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Wonderstruck – Movie Review

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Wonderstruck – Movie Review

Rating: B (Good)

Trailer/Thumbnail Courtesy Elevation Pictures

Todd Haynes has a clear love for cinema, which is definitely evident in his Douglas Sirk homages, although Far from Heaven and Carol more than work as films on their own. Wonderstruck features a lot of obvious tributes to silent films and these are beautifully directed. However, the film is about more than that as it explores loss and finding one’s proper home. Haynes and writer Brian Selznick ask how we choose to remember those who have left us behind. Switching back and forth between time periods and focusing on two deaf children, they craft a family film that stands out among the rest.

At the start, Wonderstruck takes a little while getting used to. Haynes jumps us head first into the story and the editing could have used some tightening in the first act. Events happen rather quickly and the audience is meant to catch up at an enormous speed. One second, Michelle Williams is enchanting her young sons. A couple of scenes later, she has suddenly passed and it feels like an important moment has been cut. Oakes Fregley’s Ben seems to initially exist for the audience to project themselves onto. However, the script eventually gives him more purpose and development as the story goes on. One can see a lot of Selznick’s childhood and inspirations from his youth during Ben’s scenes as he travels to New York in 1977. Production designer Mark Friedberg does a particularly good job of replicating that period.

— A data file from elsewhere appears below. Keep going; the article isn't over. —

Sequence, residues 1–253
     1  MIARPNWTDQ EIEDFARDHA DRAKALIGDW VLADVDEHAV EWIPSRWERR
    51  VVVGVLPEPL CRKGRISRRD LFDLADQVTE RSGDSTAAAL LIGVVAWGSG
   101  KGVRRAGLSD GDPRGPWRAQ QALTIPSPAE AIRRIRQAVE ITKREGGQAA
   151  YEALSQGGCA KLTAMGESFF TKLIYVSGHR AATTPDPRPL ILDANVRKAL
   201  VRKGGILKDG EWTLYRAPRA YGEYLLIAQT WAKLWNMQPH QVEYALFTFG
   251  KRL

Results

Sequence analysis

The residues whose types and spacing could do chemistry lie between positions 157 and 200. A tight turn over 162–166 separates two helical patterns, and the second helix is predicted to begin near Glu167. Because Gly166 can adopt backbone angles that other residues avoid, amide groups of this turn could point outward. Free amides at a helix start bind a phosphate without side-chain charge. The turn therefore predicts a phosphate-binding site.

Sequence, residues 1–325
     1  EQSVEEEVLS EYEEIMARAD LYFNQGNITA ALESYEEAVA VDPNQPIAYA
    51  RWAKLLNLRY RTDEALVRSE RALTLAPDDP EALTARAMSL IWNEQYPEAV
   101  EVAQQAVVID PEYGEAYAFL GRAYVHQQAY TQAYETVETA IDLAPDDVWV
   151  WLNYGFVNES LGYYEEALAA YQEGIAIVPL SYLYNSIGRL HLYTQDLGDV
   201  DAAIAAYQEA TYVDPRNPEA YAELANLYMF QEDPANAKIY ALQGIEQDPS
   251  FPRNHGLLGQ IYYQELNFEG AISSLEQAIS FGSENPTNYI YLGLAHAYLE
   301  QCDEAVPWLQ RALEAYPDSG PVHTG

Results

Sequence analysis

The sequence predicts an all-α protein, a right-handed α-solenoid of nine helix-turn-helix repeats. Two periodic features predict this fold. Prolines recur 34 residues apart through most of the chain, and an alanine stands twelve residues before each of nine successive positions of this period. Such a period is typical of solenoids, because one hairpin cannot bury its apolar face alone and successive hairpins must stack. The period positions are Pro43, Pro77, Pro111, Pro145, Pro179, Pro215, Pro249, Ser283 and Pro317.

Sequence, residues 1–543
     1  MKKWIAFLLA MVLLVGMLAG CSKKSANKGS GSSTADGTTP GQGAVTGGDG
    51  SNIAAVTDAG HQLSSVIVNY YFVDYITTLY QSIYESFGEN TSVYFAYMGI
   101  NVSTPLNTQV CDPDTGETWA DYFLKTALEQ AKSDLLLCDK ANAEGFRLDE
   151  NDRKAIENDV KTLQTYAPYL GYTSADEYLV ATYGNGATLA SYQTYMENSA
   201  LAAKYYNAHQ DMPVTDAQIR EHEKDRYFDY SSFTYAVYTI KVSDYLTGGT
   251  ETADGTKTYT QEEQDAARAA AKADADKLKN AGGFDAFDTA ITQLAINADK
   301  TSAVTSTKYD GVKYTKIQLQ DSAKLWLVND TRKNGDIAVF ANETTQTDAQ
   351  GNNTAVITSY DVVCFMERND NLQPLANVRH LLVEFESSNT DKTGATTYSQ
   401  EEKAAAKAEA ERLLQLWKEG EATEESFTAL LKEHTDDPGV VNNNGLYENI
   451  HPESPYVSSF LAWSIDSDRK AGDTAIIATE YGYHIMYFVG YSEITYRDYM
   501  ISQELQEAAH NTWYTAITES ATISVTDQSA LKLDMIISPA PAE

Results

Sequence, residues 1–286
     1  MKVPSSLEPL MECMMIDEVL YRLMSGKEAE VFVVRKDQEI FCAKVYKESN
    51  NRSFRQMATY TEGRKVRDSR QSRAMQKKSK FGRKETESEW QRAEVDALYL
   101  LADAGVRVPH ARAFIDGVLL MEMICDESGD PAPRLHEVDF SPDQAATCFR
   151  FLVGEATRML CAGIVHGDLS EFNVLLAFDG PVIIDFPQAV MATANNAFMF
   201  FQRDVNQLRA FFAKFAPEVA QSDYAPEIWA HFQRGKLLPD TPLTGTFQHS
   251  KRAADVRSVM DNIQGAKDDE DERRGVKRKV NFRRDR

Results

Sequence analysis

The strongest portions of Wonderstruck come courtesy of the scenes in 1927. Shot in black-and-white and featuring no dialogue, Haynes puts us into the mindset of the deaf girl Rose. Played with wide-eyed innocence by newcomer Millicent Simmonds, the viewer is sympathetic in her journey to find a famous screen actress. Choosing to exclude intertitles, Haynes shows the universalities of silent cinema as well as showing the difficulties Rose has to deal with. More than just emulating the style of silent films, Haynes brings his own spin. Lovers of classic silent pictures will recognise some nods, but Haynes doesn’t leave anyone out.

Haynes uses other techniques to draw us in, including using figurines and models in a particularly important scene. Wonderstruck is also unashamed of being a family film. Whether children embrace the film is yet to be seen, but Haynes definitely respects the younger audience enough to give them a story that uses emotion rather than simple humour to grab their attention. In an age where family films might feel like throwing in adult subject matter and humour to get an older viewer interested, Wonderstruck is refreshingly appropriate for all ages. This is not a story that requires foul language, brutal violence and sexual innuendos. A few shots of characters smoking was what likely attained the film a PG rating, but it’s otherwise a G picture.

Wonderstruck works as a solid companion piece to another Brian Selznick adaptation Hugo, as both feature a child-like adventure with homages to silent films sprinkled in. The two stories take a little while to get used to, but there is enough earned emotion and the journeys are worth following. Whether one is more invested in the ’27 scenes or the ’77 portions will depend on the individual viewer. The story does take some surprising turns and Todd Haynes shows a particular attention to detail when it comes to depicting the two eras. Eventually, the two stories blend beautifully and we accept them as part of the same film. This is a unique family film and one hopes it eventually finds a captivated audience from ages five to a hundred.

 

Stefan Ellison
THE SCENE

Stefan Ellison